Kering, Prada and Hermès Fill in the Blanks on Luxury’s Slowdown

LVMH usually kicks off luxury earnings season on a reassuring note. Not so this time. The conglomerate reported its fashion and leather goods business grew just 2 percent in the first quarter. Worryingly, sales in Asia excluding Japan – a barometer of Chinese luxury demand – slipped 6 percent from the same period last year.

The results confirmed that not even the biggest brands are immune to the global luxury slowdown, and that the industry hasn’t yet found a clear alternative for growth if inflation in the US continues and China’s economy continues to sputter.

This week, we’ll get several different perspectives on the shape of the luxury market, from brands at high and low ebbs, and across the pricing spectrum (within reason, this is still luxury after all).

Can Kering Clear Its Own Low Bar?

There isn’t much suspense around how Kering’s 2024 is going: the company told the market in March that sales at Gucci, its biggest brand, were on track to drop 20 percent in the first quarter from a year earlier. The brand’s new identity under designer Sabato De Sarno has yet to solidify in consumers’ minds, making Gucci an easy cut for aspirational shoppers needing to rein in spending in a tough economy. Nowhere is that more evident than China, which Kering singled out as performing particularly poorly.

The shock report sent shares of most luxury brands tumbling. Many have since recovered. Kering’s stock has not, hitting a nearly seven-year low this week. Wall Street is clearly losing patience with Kering’s approach to turnarounds at Gucci, Balenciaga and other brands. All will quickly be forgiven if De Sarno’s clothes sell briskly as the full range hits stores. But if not, what’s Plan B?

Will Prada Defy the China Slowdown?

Prada Group sales rose 17 percent in the fourth quarter, mostly thanks to Miu Miu, where sales spiked 82 percent (Prada itself saw a healthy 10 percent bump). And yet, group CEO Andrea Guerra warned that 2024 could be a year of “ups and downs,” from macroeconomic uncertainty to the potential for geopolitical events to disrupt travel retail.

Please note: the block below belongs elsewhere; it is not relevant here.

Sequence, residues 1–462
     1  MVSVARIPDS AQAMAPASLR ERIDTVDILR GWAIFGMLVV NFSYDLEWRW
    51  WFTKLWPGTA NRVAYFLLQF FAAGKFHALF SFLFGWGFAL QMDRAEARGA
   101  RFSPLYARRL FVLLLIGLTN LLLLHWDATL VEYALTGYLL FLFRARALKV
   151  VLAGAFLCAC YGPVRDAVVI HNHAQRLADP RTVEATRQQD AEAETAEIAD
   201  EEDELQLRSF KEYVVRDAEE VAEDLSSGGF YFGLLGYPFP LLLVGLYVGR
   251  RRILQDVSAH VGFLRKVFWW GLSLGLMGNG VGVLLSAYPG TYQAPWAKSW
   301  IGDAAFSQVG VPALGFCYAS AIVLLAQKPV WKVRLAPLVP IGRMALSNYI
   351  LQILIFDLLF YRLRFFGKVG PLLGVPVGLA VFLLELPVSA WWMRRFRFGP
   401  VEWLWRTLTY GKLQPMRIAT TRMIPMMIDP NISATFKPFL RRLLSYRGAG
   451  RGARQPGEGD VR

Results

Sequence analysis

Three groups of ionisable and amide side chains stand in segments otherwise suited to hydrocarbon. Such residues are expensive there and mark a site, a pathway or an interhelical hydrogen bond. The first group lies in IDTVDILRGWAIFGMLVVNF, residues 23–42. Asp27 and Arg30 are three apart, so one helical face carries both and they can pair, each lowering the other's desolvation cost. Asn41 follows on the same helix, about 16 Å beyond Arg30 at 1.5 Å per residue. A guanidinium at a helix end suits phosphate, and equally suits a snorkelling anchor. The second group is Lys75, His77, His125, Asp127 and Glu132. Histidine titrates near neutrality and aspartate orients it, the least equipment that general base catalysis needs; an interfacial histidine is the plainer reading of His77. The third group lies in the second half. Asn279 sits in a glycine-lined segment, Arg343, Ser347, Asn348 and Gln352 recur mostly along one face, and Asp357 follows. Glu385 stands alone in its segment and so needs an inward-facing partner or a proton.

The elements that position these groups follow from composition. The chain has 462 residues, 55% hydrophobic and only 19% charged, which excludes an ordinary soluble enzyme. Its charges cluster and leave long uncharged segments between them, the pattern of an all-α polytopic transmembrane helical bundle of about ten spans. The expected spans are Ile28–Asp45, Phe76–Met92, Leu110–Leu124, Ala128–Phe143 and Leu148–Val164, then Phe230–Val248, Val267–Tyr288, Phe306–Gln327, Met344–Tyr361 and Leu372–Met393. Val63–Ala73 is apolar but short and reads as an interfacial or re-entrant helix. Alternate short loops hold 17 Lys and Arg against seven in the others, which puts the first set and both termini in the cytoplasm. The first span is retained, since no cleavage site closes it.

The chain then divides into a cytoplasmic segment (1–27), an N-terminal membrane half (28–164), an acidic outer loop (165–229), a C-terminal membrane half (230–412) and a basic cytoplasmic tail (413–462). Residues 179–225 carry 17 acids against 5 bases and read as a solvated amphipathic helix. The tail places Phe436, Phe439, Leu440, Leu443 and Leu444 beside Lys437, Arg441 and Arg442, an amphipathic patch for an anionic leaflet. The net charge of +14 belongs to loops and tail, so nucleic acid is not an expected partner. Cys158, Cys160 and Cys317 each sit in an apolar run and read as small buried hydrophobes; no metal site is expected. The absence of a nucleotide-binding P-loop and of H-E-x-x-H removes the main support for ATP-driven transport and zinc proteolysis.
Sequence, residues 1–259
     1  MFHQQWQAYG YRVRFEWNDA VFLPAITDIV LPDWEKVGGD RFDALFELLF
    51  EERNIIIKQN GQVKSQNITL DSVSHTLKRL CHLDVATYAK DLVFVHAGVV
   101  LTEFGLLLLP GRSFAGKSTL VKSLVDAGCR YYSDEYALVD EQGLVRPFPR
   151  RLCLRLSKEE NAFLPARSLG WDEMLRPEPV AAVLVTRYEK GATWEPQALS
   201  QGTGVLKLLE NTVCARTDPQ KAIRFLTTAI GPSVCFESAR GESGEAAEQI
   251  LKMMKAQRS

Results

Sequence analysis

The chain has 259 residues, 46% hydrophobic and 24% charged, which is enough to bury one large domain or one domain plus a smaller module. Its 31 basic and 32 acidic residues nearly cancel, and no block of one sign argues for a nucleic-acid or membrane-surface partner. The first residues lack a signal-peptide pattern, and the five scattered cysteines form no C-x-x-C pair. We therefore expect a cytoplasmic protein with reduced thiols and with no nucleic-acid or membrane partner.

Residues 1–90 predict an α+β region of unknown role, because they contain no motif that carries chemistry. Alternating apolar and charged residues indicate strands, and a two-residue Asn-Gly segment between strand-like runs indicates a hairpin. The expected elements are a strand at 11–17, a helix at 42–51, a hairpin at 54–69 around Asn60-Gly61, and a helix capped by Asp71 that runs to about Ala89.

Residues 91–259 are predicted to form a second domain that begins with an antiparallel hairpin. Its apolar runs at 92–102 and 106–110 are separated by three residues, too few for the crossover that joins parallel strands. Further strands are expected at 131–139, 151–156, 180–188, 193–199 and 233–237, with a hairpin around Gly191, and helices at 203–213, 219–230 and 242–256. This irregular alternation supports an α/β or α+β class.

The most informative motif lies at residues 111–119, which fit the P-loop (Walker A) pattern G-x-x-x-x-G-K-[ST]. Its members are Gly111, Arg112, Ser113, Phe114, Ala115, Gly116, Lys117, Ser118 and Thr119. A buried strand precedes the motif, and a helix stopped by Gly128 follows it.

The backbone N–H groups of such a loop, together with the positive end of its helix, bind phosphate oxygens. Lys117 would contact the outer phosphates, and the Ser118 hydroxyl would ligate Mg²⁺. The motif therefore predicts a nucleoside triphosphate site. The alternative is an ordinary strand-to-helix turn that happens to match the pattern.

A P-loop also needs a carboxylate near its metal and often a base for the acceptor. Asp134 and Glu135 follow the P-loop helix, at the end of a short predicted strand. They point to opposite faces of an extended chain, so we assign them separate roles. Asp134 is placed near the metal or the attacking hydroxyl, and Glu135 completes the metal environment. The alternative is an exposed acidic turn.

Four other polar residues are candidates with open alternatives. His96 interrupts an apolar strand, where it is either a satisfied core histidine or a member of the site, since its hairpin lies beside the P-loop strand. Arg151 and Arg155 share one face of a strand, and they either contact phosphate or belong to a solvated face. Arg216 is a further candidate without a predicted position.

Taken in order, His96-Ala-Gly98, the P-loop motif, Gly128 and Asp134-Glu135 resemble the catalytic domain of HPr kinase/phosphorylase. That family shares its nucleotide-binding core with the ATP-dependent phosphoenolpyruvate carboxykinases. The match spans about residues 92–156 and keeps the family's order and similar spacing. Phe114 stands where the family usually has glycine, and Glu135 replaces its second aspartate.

The bulk of Prada’s growth is coming from Asia. Miu Miu has seen enormous success expanding its customer base from the young to anyone with “a youthful energy linked, not to age, but to attitude,” as brand chief Benedetta Petruzzo put it to BoF recently.

If any brand can rise above China’s slowdown, it’s therefore one as red hot as Miu Miu. Signs of trouble here could really rattle the luxury sector.

Are Hermès’ Ultra-Wealthy Customers Still Immune From the Economic Cycle?

Hermès’ strategy in China, as elsewhere, has focussed on cultivating ultra-rich clientele in stores and at private events, as opposed to middle-class shoppers online. It’s helped keep the brand out of the conversation around the luxury slowdown, which has mostly hit aspirational customers. For instance, a recent Bloomberg report on rising return rates for luxury goods in China found that Hermes hadn’t been affected. When the brand has generated headlines, it’s been for its practice of turning customers away.

This week’s results are likely to affirm this approach, which Citi analysts recently predicted could propel Hermès past Louis Vuitton as the world’s biggest luxury brand by 2027.

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